I (Julian) am currently in the enormous Goulburn Valley region — Dookie to be exact — kicking off what I hope will be an interesting part-time course of study (wine-related, of course). Forgive me if posts are few and far between these couple of weeks. On the plus side, some interesting wines are being tasted, including a most unexpected Semillon, made from fruit grown at the Dookie campus vineyard, twenty three years old and still singing.
A rich egg yolk yellow in the glass…
The other day, the Courier Mail newspaper’s lovely food writer, Natascha Mirosch, asked Jeremy Pringle (of Wine Will Eat Itself) and I if we might provide a list of ten wines under $20 we thought to be suitable for consumption on Christmas day. As a normal, well-balanced person, I imagine Natascha was expecting a straightforward list plus, perhaps, a concise introduction.
Ah, but neither life, nor wine, is that simple. In response, we produced a dialogue fit to try anyone’s patience. To my great delight, Natascha has most generously published our missive in its entirety on her blog.
Jingle bells, jingle bells…
Look, I know you’re not really supposed to age Zinfandel, but I have a slight problem: Ridge keeps sending it, I keep not getting around to it, and years later I find myself opening a bottle that’s two or three years past its release date. Is that so wrong? Me, I’m not so sure it’s a good idea to wait so long, at least not with this particular wine.The nose smells simple to me: warm, jammy red fruits and not much else save for a very faint dill pickle note. Spice? Yeah, that too, but one of the lighter ones; bay leaf and allspice. In the mouth, it seems unexceptional: a little bit warm, slightly sweet in the alcoholic sense, with a straightforward finish of warm mulberry jam.Thankfully, however, I set the glass down, walked away, and came back to it an hour later – and that has made all the difference. With some time, the smells have coalesced into a very warm, Christmas pudding with overtones of hazelnut and allspice. Although the mid-palate is still frankly odd, with a spritziness that might be due to some VA here, it’s fairly good wine, certainly characterful, with a slow finish of warm red spicy fruit and surprising acidity. On the whole, this is far from my favorite Ridge wine, though, and I’m disappointed; I’ve had this one before, only younger, and was more impressed to then.Note to self: In the future, drink up, don’t hold.Ridge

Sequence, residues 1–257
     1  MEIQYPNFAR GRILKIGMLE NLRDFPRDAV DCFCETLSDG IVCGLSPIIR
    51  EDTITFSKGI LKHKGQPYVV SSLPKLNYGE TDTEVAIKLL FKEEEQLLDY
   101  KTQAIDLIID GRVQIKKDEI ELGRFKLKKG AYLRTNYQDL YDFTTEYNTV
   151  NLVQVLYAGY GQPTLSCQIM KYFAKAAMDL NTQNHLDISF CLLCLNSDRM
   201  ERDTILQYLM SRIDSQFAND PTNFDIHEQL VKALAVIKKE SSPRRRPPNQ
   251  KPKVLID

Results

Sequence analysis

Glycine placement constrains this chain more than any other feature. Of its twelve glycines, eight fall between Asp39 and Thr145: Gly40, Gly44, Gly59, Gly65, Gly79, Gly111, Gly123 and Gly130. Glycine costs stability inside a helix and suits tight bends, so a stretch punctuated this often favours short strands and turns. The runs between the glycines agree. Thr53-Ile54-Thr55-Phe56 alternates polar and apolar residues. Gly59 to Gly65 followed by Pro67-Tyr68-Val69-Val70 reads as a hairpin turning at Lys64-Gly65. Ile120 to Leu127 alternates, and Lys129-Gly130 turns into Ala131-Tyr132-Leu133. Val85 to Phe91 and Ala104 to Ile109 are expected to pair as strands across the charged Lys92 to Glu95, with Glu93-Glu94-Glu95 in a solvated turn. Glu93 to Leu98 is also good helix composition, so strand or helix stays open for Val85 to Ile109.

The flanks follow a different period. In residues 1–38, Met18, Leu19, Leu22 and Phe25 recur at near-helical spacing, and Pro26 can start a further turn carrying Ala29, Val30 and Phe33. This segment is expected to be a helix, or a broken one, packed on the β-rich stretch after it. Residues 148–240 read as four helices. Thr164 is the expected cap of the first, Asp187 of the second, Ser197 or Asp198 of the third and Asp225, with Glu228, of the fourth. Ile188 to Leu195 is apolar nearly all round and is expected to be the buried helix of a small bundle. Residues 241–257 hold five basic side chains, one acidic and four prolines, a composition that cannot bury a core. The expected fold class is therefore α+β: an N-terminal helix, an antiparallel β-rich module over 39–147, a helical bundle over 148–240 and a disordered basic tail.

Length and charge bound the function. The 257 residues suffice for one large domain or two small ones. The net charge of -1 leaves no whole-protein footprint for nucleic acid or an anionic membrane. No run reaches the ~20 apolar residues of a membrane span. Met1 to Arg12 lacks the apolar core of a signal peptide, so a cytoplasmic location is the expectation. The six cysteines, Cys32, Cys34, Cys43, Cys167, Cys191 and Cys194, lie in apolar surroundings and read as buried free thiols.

A very worthwhile cause (and some incredible prizes). Buy your tickets now.
After an interesting few days stewarding at the Sydney Royal Wine Show, I’m back and hope to get some more notes up soon.
Watching the judging process was illuminating in all sorts of ways, and humbling with respect to my own efforts here. Certainly, I’m reminded that I’ve an enormous amount still to learn. There is, I hope, a corresondingly enormous amount for me to enjoy too.
Minimal is great, but after a few challenges associated with Full Pour’s last “look,” we’ve refreshed the site to a slightly more conventional, and hopefully usable, format. Enjoy.
An older Shiraz from one of Australia’s more renowned regions for this variety, Heathcote in Victoria. This wine is, interestingly, sealed under Stelvin, which is somewhat unusual for red wines of this age. Although Mount Ida is a famous vineyard in Heathcote, I’m not especially familiar with its output, so this tasting was quite exploratory for me.
You will no doubt have noticed that we’ve updated the way we look here at Full Pour. We hope the site is more readable and, in general, easier on the eye. If only it were so easy to refresh one’s liver, too. Feel free to send us feedback on our new design!